Broadly speaking, I think the biggest issue is the lack of opportunity.  People in the 44th District are willing to work hard.  They don’t give up and they don’t back down.  They’re not looking for a handout, but I think we can do a better job of creating opportunities for them to succeed and providing access to those opportunities.  More specifically, that means creating fertile environment for business in order to promote job growth in the region so that job opportunities become more readily available.  It means giving parents easier access to high-quality early learning for their children and making sure students who want to go to college have the opportunity to do so.  It means making sure families have quality, affordable healthcare.  And it means protecting our environment from polluters.  I see that as a quality of life issue, but also an economic and healthcare issue. Building opportunity is crucial to have thriving cities and a strong economy.

How do you feel you will be able to contribute and/or impact, the issues you describe?

I think I bring a fresh, new perspective to Congress.  I know how to work with people to forge coalitions to get things done, but I’m not part of the old politics that have brought Congress to a standstill.  I’m not beholden to any special interest and I don’t prioritize any industry over the interests of the people of the 44th District.  I choose to believe that even one person, with a clear vision and a commitment to getting things done, can make a difference in Congress these days.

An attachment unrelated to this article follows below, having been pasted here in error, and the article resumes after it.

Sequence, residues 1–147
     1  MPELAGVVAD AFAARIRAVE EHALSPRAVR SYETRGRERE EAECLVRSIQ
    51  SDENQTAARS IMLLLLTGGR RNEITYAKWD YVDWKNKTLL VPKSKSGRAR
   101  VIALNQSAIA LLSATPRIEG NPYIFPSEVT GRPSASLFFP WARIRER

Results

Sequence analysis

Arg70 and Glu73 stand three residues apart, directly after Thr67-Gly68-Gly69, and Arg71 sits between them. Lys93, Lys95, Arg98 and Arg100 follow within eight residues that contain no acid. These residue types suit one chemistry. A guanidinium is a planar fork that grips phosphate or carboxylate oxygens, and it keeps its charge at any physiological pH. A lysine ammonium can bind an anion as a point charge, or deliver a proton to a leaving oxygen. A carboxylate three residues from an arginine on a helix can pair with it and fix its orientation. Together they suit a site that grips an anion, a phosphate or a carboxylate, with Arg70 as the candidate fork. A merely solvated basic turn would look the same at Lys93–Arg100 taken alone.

You made your name advocating on behalf of the environment and more specifically, banning increased oil drilling in Hermosa Beach.  How did you get involved and more importantly, why do you think your efforts resonated with Hermosa Beach voters?

Environmental conservation has always been one of my passions.  I see it not only as an issue that impacts our quality of life, but, especially in our community, it’s an issue the impacts our economy and our health. So when a major oil company wanted to drill into the Santa Monica Bay, a space that is particularly sacred to the members of our community, I couldn’t let that happen. I took up the fight against Measure O because I’m committed to the needs of local residents, not major industries. The beaches where the oil company wanted to drill are places that individuals and families enjoy every day. They attract visitors to our communities and help stimulate the economy. The people in Hermosa Beach knew I was on their side and wasn’t going to cave to corporate interests. Together we were successful and were able to maintain the beauty of the beaches for what will hopefully be years to come.

Latino’s around Los Angeles County have been vocal of what they perceive as a lack of representation, on various elected bodies, in cities where they represent the majority of the population.  You have also mentioned the 44th is primarily composed of Latino’s.  How do you plan on getting them out to vote?